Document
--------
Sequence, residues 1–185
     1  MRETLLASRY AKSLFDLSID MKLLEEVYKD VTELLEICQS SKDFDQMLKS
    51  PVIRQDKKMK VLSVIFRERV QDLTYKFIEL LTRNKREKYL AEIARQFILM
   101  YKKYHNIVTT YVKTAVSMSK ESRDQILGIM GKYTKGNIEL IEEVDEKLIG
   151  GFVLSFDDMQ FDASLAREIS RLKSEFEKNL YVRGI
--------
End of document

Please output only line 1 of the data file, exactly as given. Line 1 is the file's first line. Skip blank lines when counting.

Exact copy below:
Sequence, residues 1–185